EXERCISING MORE/EATING LESS & STILL NOT LOSING WEIGHT???

Why the food supply, gut bacteria, and NON caloric items can be causing weight gain!

When it comes to weight loss it was once as easy as calories in vs. calories out. Consume less than what your body needs to maintain its current weight and voila the weight comes off.  While once an effective strategy it’s doesn’t always work now.

 

While this method doesn’t always work it doesn’t mean that portion size and exercise aren’t important. Reducing food intake and exercising more can still have dramatic improvements on weight loss. In fact a large percentage of individuals will still lose weight with the traditional recommendation of exercise more and eat less.

 

However if you’ve tried exercising more and eating less and it’s not working there are several reasons as to why this could be happening. Some are easy to fix and understand and others not so much.  In addition the research is still coming in so we do not have all the answers. So if you’re someone who has tried many diets with limited success – read on!

 

While this article is designed to provide possible culprits for lack of weight loss – it is not an exhaustive study. I would encourage you to take this information and read for yourself – there are multiple sources at the end of the article that go into greater detail on many of the topics. Here are some of the most common reasons individuals are not losing weight even when exercising more and eating less.

 

FOOD SUPPLY (antibiotics, hormones, pesticides, GMOs)

 

Over the last few decades food manufacturers and growers have started altering the food supply. In order to boost up profits they are giving animals antibiotics with the hopes of keeping them healthier (and bigger). These antibiotics are then passed onto humans and can have a negative affect in our gut bacteria (we’ll discuss later) and an increase in weight gain (not to mention there is evidence that children who take a lot of antibiotics tend to be more overweight). The widespread use of antibiotics has ramped up in the last few decades and coincides with the increase of obesity in our nation.  

 

In addition to antibiotics cattle are given hormones (chickens are not given hormones so packaging that says hormone free for chicken isn’t necessary). These hormones cause the animals to bulk up much quicker.  Many experts believe that when we consume or drink the milk from the dairy cattle it can cause weight gain. For example a study in the International Journal of Obesity from researchers at 10 different universities, including Yale University School of Medicine and Johns Hopkins University, found that the use of steroid hormones in meat production and on conventional dairy farms could be a possible contributor to the obesity epidemic.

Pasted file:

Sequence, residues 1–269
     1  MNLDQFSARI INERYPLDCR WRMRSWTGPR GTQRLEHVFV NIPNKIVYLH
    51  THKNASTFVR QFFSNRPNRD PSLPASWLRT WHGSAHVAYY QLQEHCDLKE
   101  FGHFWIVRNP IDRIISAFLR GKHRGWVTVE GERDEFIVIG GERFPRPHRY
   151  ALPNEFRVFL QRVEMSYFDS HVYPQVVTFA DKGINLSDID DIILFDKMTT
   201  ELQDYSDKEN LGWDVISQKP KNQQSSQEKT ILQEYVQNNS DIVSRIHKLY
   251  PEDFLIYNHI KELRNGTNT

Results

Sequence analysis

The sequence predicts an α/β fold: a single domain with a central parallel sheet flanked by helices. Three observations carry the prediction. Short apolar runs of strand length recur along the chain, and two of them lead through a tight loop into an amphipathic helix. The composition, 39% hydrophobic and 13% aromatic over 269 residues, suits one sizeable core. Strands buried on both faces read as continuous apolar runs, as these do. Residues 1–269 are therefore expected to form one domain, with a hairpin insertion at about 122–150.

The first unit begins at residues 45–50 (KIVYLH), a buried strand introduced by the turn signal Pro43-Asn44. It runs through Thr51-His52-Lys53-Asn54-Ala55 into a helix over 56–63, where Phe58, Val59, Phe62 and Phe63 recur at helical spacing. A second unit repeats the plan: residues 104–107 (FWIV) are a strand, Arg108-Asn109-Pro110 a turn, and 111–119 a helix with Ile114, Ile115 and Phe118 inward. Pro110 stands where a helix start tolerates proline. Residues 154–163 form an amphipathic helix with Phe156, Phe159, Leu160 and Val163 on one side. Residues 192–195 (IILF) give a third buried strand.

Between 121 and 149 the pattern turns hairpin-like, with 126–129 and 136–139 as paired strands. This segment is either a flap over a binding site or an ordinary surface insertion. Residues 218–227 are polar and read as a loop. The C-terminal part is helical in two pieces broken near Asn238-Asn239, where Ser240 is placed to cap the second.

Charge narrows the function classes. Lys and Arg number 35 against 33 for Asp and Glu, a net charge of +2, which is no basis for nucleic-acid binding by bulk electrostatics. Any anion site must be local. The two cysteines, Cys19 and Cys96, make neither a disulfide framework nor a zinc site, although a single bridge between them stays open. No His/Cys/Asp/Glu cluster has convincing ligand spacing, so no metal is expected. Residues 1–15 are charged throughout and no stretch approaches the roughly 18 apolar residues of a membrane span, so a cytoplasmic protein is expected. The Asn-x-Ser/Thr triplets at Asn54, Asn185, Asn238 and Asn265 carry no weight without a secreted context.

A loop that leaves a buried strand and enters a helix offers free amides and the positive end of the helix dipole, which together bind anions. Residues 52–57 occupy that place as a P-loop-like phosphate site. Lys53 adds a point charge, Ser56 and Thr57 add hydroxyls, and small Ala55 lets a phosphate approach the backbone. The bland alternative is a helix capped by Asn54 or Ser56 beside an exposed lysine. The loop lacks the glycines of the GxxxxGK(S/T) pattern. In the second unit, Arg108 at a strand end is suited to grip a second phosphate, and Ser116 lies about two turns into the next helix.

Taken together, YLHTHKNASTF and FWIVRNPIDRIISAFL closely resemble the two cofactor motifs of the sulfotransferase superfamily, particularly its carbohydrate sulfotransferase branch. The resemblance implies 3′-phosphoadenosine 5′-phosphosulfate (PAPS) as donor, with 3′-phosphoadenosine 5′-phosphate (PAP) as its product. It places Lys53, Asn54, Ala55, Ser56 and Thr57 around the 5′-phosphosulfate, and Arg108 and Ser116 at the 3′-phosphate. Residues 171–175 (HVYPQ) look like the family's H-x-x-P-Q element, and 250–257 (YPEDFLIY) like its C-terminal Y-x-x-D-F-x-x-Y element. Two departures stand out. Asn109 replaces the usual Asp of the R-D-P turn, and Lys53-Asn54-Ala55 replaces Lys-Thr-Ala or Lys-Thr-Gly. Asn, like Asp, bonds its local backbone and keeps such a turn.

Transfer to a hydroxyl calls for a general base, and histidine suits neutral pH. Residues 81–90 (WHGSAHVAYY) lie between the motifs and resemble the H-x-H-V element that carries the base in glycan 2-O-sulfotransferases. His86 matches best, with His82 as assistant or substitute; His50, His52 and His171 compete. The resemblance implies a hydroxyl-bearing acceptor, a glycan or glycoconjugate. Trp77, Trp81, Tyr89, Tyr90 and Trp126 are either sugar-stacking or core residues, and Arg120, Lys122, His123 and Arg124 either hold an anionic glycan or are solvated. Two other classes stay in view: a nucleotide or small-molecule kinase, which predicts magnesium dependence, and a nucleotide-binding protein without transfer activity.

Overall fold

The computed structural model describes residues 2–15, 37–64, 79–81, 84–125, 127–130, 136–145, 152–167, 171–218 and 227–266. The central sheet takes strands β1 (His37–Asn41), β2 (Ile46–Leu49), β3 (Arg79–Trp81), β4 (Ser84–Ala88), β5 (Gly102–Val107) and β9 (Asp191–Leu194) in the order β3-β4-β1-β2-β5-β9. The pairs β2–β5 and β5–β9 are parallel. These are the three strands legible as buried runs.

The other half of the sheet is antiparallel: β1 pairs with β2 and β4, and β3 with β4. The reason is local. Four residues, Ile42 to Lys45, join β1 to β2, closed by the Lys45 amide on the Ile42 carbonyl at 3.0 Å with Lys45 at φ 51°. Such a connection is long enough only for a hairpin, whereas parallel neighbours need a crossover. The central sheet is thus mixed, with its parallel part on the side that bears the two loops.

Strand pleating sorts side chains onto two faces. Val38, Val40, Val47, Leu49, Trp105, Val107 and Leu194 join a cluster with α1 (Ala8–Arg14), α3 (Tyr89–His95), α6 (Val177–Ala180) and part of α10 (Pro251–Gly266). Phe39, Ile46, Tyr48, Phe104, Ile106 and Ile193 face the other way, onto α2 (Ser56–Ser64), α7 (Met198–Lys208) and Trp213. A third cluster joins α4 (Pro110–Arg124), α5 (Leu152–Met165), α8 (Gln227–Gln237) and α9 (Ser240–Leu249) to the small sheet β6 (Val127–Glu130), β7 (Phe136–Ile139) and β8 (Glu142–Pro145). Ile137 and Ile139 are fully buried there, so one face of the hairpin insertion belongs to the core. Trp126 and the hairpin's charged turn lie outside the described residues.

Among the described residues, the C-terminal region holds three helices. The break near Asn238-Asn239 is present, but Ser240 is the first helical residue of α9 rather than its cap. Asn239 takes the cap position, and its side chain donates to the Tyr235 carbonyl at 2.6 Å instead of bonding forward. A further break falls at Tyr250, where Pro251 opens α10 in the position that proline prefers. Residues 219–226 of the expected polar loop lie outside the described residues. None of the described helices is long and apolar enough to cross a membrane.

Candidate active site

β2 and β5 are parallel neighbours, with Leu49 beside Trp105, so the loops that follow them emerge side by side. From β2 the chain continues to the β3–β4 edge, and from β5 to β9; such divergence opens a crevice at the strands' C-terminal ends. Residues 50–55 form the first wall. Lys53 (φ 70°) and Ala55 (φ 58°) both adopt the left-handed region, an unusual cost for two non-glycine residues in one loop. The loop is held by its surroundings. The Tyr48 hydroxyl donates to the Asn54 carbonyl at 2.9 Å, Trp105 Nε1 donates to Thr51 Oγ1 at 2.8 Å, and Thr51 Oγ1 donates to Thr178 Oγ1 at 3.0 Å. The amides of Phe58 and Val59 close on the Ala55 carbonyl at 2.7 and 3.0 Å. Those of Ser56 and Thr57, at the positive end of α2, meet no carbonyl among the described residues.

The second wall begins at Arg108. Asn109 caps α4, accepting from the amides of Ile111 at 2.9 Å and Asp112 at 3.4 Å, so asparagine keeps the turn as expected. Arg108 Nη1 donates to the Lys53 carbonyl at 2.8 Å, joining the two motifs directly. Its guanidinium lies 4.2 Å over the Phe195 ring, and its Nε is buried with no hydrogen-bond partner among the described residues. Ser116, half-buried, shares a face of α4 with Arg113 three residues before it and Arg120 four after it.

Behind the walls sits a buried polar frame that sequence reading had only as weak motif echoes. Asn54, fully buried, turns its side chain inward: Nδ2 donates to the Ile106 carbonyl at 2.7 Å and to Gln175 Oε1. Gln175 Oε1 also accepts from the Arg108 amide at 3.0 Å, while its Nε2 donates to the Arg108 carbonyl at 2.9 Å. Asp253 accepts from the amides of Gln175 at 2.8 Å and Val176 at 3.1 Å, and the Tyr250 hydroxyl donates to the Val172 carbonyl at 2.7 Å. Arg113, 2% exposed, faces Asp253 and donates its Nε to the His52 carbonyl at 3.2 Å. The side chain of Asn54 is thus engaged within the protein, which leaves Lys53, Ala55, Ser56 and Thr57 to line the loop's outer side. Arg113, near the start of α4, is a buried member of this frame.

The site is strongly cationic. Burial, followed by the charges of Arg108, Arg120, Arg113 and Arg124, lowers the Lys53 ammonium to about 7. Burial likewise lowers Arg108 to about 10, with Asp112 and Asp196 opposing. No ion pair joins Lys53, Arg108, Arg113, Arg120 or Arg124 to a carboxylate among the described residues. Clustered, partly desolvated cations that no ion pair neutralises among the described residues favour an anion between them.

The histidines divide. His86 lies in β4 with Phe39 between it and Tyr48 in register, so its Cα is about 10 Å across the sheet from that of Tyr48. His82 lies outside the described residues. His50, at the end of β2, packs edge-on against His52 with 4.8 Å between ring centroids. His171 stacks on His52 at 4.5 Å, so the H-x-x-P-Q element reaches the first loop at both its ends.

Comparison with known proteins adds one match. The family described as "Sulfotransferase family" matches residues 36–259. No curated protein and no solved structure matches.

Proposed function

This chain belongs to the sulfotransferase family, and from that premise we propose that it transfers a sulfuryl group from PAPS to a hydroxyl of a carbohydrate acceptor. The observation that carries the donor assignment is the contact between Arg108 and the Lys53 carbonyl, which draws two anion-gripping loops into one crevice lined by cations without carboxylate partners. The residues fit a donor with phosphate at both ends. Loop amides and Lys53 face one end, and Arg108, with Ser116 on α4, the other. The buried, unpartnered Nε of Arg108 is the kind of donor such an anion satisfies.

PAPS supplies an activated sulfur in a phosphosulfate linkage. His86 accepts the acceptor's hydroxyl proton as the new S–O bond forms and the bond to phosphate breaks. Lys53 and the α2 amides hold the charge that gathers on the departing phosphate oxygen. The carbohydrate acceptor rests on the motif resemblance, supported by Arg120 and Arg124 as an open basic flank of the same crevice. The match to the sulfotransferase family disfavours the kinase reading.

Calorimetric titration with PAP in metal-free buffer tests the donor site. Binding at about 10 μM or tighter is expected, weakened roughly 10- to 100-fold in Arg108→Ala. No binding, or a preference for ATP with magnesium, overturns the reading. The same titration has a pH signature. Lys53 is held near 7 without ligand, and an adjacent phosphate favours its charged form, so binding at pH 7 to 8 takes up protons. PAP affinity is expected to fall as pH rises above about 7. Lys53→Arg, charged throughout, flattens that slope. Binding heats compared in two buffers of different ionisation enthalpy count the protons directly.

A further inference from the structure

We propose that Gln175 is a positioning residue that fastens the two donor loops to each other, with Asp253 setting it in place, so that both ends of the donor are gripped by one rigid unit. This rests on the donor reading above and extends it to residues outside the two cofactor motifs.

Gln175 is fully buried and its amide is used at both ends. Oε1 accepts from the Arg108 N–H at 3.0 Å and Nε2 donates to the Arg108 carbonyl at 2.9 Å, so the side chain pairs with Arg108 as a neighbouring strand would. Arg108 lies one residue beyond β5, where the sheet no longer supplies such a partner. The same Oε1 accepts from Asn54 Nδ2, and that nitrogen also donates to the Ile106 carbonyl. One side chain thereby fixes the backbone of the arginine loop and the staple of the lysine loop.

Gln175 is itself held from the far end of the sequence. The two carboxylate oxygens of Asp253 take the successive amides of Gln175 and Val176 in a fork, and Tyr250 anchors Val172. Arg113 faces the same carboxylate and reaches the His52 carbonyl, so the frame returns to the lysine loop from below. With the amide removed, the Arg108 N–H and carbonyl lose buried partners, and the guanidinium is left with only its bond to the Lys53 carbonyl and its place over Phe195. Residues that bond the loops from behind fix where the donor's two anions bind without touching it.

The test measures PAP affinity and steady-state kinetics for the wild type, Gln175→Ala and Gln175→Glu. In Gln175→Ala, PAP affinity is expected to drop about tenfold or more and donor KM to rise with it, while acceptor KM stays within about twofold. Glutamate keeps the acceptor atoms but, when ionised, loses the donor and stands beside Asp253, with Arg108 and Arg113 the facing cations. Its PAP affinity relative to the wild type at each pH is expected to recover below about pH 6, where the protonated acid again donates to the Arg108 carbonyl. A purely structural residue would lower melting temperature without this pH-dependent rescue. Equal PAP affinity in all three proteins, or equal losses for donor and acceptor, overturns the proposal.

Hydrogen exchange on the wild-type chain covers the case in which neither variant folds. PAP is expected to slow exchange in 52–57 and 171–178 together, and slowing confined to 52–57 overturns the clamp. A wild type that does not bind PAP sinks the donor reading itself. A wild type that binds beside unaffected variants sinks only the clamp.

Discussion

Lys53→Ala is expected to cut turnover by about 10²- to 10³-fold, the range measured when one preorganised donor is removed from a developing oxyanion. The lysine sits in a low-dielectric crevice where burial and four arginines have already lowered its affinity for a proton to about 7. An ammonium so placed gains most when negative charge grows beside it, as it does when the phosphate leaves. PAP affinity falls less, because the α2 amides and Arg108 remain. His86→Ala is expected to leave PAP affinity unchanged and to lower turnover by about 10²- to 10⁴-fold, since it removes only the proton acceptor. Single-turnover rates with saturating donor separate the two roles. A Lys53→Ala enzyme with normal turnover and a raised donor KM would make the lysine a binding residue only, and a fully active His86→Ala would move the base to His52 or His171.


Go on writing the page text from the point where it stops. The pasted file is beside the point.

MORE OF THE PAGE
In order to combat the possibility of artificial weight gain consume meats that are raised without antibiotics, hormones, and grass fed. You can find hormone free. grass fed meat at many supermarkets.  Also choosing wild caught fish (i.e. salmon) would be a better choice than farm raised.

 

In addition to hormones our food supply can contain pesticides. Besides being unhealthy for consumption they can alter our endocrine system and mimic estrogen (Source: CBS news). Estrogen which is a female hormone can undermine our ability to build muscle and aids in fat storage.

 

While pesticides are in our food supply we can lessen our intake. According to a recent study in the journal – Environmental Health Perspectives, eating the right fruits and vegetables and avoiding the most contaminated ones, for just five days can reduce circulating pesticide based obesogens (foreign chemical compounds that disrupt normal development and balance of lipid metabolism, which in some cases, can lead to obesity).

 

The fruits with the highest pesticide content are apple, pears, peaches, imported grapes and strawberries. Buying organic can help reduce pesticide consumption. In addition fruits with skin are usually less of a concern because the pesticides does not usually penetrate it (i.e. bananas, oranges, grapefruit, etc.).

 

Apart from the use of pesticides food manufacturers have begun modifying foods in order to enhance production and profitability. These genetically modified foods (GMOs) have raised eyebrows because of their potential health consequences. In fact researchers from Norway fed food containing GM corn to one group of rats and food containing non-GM corn to another group. Over the course of 90 days, the rats on the GM-corn diet grew fatter and ate more food than the rats on the non-GM diet. The researchers also noticed that rats got fatter when they ate fish that had been raised on GM corn.

 

As the public has become more aware of the controversy surrounding GMOs manufacturers have started to make changes. In fact you can find many foods that say non GMO and there is an organization the “non GMO project” which has the stated goal of providing non GMO labeling.

 

HORMONAL ENVIRONMENT

Hormones play a large role in how our body functions, including metabolism. If there is something amiss it can result in significant difficulty losing weight. Some of the most common hormonal culprits are growth hormone deficiency, low testosterone, and an underactive thyroid.